“If we allow to promote and do all this stuff on the street, we are very afraid about our nation because we consider ourselves a normal, standard people,” Isinbayeva, speaking English was quoted as saying at a press conference. “We just live with boys with woman, woman with boys.”
Vedenin resorted to a tired trope that couples performing together cannot succeed unless they can convey a romantic connection, which in his mind requires heterosexual partners.
That idea conveniently dismisses performers whose artistic ability is such they can convincingly play whatever role they take on. For instance, gay men play romantic male heroes in opera, and gay women play romantic female heroines.
Cizeron told France3 television in a Wednesday interview, “I have endured worse attacks. It’s like when people say a gay actor can’t play a hetero man in a film. (If that were the case), there would be a lot of unemployed Hollywood actors.
“People want to see a performance. They want to see emotion, virtuosity, a connection. I think it’s false to say people look for `real love’ on the ice.’’
Throughout their career, siblings Maia and Alex Shibutani of the United States had to deal with naysayers who said a brother and sister could not express the essence of ice dance. After winning an Olympic bronze medal in 2018, Maia had tears in her eyes as she recalled how hard it was to overcome those objections.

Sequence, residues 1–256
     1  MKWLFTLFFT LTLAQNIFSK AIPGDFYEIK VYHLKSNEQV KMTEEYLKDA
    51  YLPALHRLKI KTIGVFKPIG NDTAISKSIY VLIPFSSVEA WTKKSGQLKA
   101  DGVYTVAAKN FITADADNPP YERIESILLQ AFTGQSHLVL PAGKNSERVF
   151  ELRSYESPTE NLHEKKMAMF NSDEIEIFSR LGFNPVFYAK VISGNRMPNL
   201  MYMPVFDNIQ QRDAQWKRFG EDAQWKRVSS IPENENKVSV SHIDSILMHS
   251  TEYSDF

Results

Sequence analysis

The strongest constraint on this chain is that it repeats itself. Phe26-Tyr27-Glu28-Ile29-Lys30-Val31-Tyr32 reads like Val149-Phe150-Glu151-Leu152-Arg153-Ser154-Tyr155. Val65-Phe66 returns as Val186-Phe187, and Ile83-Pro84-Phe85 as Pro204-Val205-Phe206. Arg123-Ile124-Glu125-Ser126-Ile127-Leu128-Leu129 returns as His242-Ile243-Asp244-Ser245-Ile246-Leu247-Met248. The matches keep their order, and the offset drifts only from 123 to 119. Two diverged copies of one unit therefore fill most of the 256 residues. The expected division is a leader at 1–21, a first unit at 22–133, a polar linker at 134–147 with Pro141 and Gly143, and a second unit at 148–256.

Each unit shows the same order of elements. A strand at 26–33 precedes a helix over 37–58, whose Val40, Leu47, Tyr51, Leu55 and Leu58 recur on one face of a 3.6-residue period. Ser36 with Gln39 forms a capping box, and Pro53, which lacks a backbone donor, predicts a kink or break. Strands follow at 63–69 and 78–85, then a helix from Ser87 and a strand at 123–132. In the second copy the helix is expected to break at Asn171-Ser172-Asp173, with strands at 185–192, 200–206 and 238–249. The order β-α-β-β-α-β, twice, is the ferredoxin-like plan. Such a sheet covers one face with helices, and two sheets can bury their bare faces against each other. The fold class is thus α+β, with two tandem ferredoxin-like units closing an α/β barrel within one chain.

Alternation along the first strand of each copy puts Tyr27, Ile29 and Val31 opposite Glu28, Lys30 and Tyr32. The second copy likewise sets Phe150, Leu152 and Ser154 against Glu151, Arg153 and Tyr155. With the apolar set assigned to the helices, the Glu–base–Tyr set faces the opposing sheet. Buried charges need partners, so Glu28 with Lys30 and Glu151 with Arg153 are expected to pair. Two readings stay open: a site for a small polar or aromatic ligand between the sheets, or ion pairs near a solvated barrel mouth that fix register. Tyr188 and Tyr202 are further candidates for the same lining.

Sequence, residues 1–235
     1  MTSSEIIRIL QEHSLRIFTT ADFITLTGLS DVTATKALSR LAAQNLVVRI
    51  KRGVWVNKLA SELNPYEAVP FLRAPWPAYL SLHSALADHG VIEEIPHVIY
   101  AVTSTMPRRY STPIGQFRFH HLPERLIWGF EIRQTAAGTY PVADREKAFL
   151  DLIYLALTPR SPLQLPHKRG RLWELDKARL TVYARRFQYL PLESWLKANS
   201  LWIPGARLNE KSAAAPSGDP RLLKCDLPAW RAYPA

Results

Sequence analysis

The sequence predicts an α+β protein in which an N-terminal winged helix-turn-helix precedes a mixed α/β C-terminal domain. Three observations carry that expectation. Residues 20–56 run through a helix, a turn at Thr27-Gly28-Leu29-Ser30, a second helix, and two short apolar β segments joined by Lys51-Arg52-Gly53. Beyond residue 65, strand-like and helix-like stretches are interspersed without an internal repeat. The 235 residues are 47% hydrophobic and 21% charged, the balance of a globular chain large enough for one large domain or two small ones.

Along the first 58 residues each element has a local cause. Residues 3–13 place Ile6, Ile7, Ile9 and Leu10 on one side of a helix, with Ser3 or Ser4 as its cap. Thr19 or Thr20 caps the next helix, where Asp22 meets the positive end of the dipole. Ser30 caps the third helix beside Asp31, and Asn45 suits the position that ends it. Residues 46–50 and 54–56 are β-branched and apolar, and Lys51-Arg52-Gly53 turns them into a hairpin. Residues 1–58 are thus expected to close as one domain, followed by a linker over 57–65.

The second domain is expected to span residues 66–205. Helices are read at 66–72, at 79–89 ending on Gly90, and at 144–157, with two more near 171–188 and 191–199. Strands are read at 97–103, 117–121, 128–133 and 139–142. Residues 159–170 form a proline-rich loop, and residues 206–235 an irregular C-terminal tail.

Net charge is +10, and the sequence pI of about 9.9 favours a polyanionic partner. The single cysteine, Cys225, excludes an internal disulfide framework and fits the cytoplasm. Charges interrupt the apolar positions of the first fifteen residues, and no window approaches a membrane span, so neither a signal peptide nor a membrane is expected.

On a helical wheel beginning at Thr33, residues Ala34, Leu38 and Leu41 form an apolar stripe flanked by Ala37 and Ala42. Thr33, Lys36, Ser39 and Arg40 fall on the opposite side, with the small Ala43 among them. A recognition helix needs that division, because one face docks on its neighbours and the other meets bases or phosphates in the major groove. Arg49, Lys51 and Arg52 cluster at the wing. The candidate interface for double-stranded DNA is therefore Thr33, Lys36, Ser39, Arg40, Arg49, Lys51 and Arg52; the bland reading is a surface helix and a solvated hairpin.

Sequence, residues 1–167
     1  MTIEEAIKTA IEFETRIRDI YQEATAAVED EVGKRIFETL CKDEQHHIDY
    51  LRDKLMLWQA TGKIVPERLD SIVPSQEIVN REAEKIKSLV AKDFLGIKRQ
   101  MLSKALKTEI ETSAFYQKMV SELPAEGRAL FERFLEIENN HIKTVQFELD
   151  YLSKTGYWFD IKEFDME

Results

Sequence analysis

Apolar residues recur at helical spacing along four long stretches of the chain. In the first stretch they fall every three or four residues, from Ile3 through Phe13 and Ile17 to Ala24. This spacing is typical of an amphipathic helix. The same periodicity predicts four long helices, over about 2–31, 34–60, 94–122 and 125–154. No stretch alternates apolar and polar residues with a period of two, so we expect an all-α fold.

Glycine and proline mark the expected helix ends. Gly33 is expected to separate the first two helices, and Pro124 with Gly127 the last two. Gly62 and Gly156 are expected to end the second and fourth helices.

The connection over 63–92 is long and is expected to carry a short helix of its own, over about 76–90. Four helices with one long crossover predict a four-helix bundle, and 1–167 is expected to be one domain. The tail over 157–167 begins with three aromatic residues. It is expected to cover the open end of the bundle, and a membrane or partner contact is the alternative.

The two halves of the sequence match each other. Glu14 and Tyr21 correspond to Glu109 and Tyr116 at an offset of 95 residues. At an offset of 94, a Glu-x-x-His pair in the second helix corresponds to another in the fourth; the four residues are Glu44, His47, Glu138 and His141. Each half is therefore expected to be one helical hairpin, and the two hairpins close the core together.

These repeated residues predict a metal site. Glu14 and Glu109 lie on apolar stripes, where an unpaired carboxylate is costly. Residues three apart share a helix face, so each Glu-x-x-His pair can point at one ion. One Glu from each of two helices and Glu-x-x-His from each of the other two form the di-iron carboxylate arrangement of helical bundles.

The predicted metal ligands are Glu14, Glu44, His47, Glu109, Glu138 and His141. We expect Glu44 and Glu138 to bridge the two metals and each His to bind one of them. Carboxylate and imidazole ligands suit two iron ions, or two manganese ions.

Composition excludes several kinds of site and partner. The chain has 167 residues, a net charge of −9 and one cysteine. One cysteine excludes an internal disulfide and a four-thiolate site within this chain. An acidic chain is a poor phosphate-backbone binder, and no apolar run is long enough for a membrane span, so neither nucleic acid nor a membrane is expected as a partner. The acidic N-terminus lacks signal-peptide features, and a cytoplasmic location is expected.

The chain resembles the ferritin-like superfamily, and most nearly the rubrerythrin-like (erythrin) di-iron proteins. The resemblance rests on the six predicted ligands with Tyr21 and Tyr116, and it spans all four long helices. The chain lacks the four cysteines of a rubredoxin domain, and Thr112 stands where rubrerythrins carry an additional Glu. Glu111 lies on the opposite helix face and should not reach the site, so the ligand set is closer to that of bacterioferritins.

“It’s not necessary to have a love passion,” said their coach, Russian emigrée Marina Zoueva. “Any passion is passion. Their passion is in how they worked to reach their goal.”
They rejected the notion that ice dance had to be romantic or sensual.
“That’s probably hurting ice dance’s feelings,” Alex said, then apologizing for his personification of the discipline. “Ice dance can be whatever it can be. Don’t put people in boxes.”
One such box is that one must be heterosexual to express a love passion between a man and a woman. The suspension of disbelief has been an essential part of the arts going back to Aristotle, who noted that audiences disregard “unreality” to experience catharsis.
The criticism of Cizeron has darker overtones, as Pechalat noted in her letter in saying, “We should all defend sport values: respect for the opponent, integrity, freedom, intellectual honesty, tolerance.”
Cizeron pointed out to L’Equipe the irony that the ISU had featured him on one of its #UpAgain interviews titled “Get Your Pride On.”
Ice dancing is the most subjective discipline of a subjective sport. Tarnishing an athlete for whatever reason can be an internecine attempt to influence the results of a competition.
“I hope we will be judged objectively on the ice by the performance we give and not for our sexual orientation,” Cizeron told France 3.
It’s up to the ISU to assure publicly that will happen.
Silence, as Péchalat noted, is not an option. Now that the ISU has taken a verbal stand, let’s see if its investigation brings further action to support its condemnation of the offensive words.
Philip Hersh is a former Olympic writer of the Chicago Tribune and a regular contributor of figure skating coverage to nbcsports.com